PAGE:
JoNova

A science presenter, writer, speaker & former TV host; author of The Skeptic's Handbook (over 200,000 copies distributed & available in 15 languages).


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Weekend Unthreaded

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Weekend Unthreaded, 9.1 out of 10 based on 18 ratings

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285 comments to Weekend Unthreaded

  • #
    john

    Going green:

    VChecking out at the store, the young cashier suggested to the much older lady that she should bring her own grocery bags, because plastic bags are not good for the environment.

    The woman apologized to the young girl and explained, “We didn’t have this ‘green thing’ back in my earlier days.”

    The young clerk responded, “That’s our problem today. Your generation did not care enough to save our environment for future generations.”

    The older lady said that she was right — our generation didn’t have the “green thing” in its day. The older lady went on to explain:

    Back then, we returned milk bottles, soda bottles and beer bottles to the store. The store sent them back to the plant to be washed and sterilized and refilled, so it could use the same bottles over and over. So they really were recycled. But we didn’t have the “green thing” back in our day.

    Grocery stores bagged our groceries in brown paper bags that we reused for numerous things. Most memorable besides household garbage bags was the use of brown paper bags as book covers for our school books. This was to ensure that public property (the books provided for our use by the school) was not defaced by our scribblings. Then we were able to personalize our books on the brown paper bags. But, too bad we didn’t do the “green thing” back then.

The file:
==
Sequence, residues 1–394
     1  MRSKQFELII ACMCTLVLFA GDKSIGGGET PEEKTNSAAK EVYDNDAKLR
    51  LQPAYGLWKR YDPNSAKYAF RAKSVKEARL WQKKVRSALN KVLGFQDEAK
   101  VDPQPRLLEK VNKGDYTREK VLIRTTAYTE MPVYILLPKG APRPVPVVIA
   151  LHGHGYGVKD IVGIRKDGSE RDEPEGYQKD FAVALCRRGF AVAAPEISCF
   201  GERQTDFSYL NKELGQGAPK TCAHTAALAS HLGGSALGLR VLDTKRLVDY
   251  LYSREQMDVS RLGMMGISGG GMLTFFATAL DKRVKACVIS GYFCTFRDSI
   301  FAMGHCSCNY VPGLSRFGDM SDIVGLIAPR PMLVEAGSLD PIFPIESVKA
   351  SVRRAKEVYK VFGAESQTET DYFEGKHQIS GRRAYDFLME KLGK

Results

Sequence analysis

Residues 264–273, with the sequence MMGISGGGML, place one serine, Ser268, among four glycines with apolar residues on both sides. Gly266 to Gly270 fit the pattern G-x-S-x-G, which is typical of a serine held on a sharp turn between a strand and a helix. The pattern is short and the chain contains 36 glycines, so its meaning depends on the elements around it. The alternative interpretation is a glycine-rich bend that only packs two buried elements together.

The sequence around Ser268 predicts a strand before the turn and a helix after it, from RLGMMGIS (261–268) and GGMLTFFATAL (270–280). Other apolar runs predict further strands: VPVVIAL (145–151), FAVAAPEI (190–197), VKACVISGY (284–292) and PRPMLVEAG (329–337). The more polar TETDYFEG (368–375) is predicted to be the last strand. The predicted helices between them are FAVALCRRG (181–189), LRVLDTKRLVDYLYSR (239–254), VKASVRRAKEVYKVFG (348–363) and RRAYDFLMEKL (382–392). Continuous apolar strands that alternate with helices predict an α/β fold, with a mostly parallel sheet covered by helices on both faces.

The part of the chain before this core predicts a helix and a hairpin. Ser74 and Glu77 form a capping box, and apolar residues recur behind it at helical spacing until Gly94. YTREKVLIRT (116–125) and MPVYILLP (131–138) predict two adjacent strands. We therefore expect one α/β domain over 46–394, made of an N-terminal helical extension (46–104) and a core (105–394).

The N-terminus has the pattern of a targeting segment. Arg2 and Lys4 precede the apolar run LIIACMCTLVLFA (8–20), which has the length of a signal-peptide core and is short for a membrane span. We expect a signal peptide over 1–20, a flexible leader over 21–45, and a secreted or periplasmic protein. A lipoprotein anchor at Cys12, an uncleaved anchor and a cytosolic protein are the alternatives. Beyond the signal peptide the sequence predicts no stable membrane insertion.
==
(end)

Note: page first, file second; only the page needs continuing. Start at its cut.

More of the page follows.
We walked up stairs because we didn’t have an escalator in every store and office building. We walked to the grocery store and didn’t climb into a 300-horsepower machine every time we had to go two blocks. But she was right. We didn’t have the “green thing” in our day.

    Back then we washed the baby’s diapers because we didn’t have the throw away kind. We dried clothes on a line, not in an energy-gobbling machine burning up 220 volts. Wind and solar power really did dry our clothes back in our early days. Kids got hand-me-down clothes from their brothers or sisters, not always brand-new clothing. But that young lady is right; we didn’t have the “green thing” back in our day.

    Back then we had one TV, or radio, in the house — not a TV in every room. And the TV had a small screen the size of a handkerchief (remember them?), not a screen the size of the state of Montana. In the kitchen we blended and stirred by hand because we didn’t have electric machines to do everything for us. When we packaged a fragile item to send in the mail, we used wadded up old newspapers to cushion it, not Styrofoam or plastic bubble wrap. Back then, we didn’t fire up an engine and burn gasoline just to cut the lawn. We used a push mower that ran on human power. We exercised by working so we didn’t need to go to a health club to run on treadmills that operate on electricity But she’s right; we didn’t have the “green thing” back then.

    We drank from a fountain when we were thirsty instead of using a cup or a plastic bottle every time we had a drink of water. We refilled writing pens with ink instead of buying a new pen, and we replaced the razor blade in a razor instead of throwing away the whole razor just because the blade got dull. But we didn’t have the “green thing” back then.

    Back then, people took the streetcar or a bus and kids rode their bikes to school or walked instead of turning their moms into a 24-hour taxi service in the family’s $45,000 SUV or van, which cost what a whole house did before the “green thing.” We had one electrical outlet in a room, not an entire bank of sockets to power a dozen appliances And we didn’t need a computerized gadget to receive a signal beamed from satellites 23,000 miles out in space in order to find the nearest burger joint.